The Neighbourhood Watch WhatsApp group has been a lively and productive place in recent months as the Middlesex Street Estate has been plagued by a series of niggling problems.
Take, for example, the unwelcome, incessant beeping of an alarm that started one recent Friday night just after 7pm. Immediately, the WhatsApp group sprang into action with neighbours discussing what the source of the noise might be and what to do about it.
It wasn’t immediately clear where the noise was coming from as the sound was bouncing off the surrounding buildings.
The beeping also sounded identical to a malfunctioning mobile phone mast that tormented us all for days last summer until the City’s Noise Team were able to locate the culprit transmitter on the roof of a nearby hotel. Eventually, it was discovered that the noise was coming from the estate’s fire alarm system.
There was some initial hesitancy as to whether or not it was appropriate to call the fire brigade as last time this happened they dispatched six fire appliances from all across London to the scene, despite the obvious lack of any inferno (although fair play to the London Fire Brigade for their risk-averse approach in the post-Grenfell world we now live in). It appeared that there was no evidence of any fire this time around either.
However, as a networked group of neighbours we were able to share information between ourselves, including that the fire fighters had previously advised that we should always call 999 every time the fire alarm was triggered, even when it was obviously a false alarm.
Communicating together as a group, we also learned that it was apparently only the fire brigade who had the ability to silence this concrete-piercing, insanity-inducing din. The fire brigade were duly called by a member of the Whatsapp group and four fire appliances were dispatched to silence the incessant beeping.
Then there was the recent issue of the estate being left without any hot water for 26 hours. Again, this happened on the weekend when the estate office was closed.
This had an obvious adverse effect on all residents on the estate, but those participating in the Whatsapp group were able to collaborate and share information among themselves as to how best to adopt a co-ordinated approach to collectively address the issue.
It was also through the Whatsapp group that residents learned that the delay in restoring hot water seemingly resulted from the contractors on call simply not having had a key to the boiler room, despite reportedly having been given several copies in the past.
This, in turn, led to the Neighbourhood Watch group making a co-ordinated approach via Common Councilman Jason Pritchard to the City of London Corporation expressing our significant dissatisfaction about how such a simple oversight had resulted in hundreds of people being inconvenienced.
Working together, we are now insisting to the City that more robust out-of-hours procedures must now be put in place.
A few weeks before this incident, the entire estate was left without any internet access because of a technical problem. It took a frustratingly long period of time to get services restored, but what was really interesting was when members of the Neighbourhood Watch WhatsApp group started sharing stories of their efforts to negotiate pro rata rebates from their respective Internet Service Providers.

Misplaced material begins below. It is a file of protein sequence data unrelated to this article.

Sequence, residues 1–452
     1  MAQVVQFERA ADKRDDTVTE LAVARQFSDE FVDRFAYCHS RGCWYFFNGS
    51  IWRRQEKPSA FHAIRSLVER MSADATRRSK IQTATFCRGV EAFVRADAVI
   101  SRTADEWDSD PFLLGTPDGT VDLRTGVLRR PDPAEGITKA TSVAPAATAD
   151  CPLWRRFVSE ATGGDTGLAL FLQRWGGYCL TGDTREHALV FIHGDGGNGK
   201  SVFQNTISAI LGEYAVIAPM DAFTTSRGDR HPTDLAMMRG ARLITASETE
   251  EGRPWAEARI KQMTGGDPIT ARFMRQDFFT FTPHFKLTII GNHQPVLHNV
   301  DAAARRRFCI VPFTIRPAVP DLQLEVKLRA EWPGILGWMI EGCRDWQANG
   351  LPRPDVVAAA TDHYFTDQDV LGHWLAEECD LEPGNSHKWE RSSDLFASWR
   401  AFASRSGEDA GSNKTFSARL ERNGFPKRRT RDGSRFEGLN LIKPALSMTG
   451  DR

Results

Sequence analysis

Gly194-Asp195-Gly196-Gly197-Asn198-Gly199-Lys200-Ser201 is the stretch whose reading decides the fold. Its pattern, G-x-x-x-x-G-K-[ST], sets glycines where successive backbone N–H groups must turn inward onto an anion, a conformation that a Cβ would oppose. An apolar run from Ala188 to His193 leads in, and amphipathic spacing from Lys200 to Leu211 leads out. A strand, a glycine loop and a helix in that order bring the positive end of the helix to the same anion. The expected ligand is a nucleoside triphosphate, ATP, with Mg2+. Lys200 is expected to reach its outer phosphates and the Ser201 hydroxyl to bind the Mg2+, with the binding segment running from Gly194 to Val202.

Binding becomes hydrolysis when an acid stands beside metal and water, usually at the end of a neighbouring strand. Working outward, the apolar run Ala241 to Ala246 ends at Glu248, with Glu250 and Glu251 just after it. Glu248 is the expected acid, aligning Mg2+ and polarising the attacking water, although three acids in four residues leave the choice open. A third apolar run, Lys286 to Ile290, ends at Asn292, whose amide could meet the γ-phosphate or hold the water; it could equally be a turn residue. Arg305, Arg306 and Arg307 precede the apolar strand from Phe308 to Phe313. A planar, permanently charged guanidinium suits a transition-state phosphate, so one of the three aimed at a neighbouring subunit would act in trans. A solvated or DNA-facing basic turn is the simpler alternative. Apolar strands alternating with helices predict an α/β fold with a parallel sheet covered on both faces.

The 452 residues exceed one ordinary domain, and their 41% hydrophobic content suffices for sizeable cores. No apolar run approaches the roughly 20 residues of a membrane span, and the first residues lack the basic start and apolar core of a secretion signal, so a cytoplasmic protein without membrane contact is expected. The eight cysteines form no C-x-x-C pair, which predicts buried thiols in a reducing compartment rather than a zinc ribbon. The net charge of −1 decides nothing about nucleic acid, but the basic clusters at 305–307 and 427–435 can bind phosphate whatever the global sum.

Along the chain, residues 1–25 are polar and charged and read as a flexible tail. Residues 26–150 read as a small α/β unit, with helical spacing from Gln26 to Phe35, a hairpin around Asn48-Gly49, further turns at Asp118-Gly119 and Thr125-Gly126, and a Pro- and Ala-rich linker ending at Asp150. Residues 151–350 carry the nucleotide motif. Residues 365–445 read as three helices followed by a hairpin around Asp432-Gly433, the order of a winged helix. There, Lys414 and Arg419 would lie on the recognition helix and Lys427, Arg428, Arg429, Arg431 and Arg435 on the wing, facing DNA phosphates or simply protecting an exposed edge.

It emerged that the amount of compensation offered by one unnamed major service provider appeared to vary widely from one Middlesex Street Estate resident to another. How could this be?
I personally used this to my own financial advantage when negotiating with said provider as I was able to dismiss the paltry compensation offered to me by correctly advising them that one of my neighbours on a near-identical contract had been offered substantially more. The service provider immediately conceded and I got the same rebate as my neighbour.
And yet I wouldn’t have known to do this had the Neighbourhood Watch WhatsApp group not already had a comprehensive thread regarding which Internet Service Providers had offered what rebates to various residents. Knowledge is power.
The WhatsApp group has also been very effective at flagging up the more obvious problems generally associated with a Neighbourhood Watch group.
There have been numerous instances of antisocial behaviour being identified and quickly shared among neighbours over the last year. This has mainly been around trespassers on the estate loitering around the basement areas to use drugs, but the group has also identified other issues, such as people trying to tailgate residents on to the estate and a spate of burglaries in the sheds at the bottom of Petticoat Tower.
The latter example quickly led to the Neighbourhood Watch group getting residents of Petticoat Tower to sign an open letter to the City of London requesting that significantly enhanced security measures be implemented.
I was pleased to see that one of the requested actions was put in place just this week with the installation of brand new, enhanced CCTV on the estate.
What all these examples have in common is that they have helped promote a sense of community and ‘togetherness’, where issues can be quickly shared and ideas discussed as to how best to address problems we have in common. Issues that affect my family also tend to affect the people living next door, above and below me when we are all literally living on top of one another in a high-density inner-city housing estate.
Residents have a stronger voice when we speak with each other and speak as one on issues that matter to us all. We have repeatedly demonstrated to each other that collaboration and mutual support is better than suffering in silence or trying to deal with issues as individual residents.
If you are a resident of the Middlesex Street Estate and would like to join the WhatsApp group the Neighbourhood Watch group would love to hear from you. You can contact them at [email protected]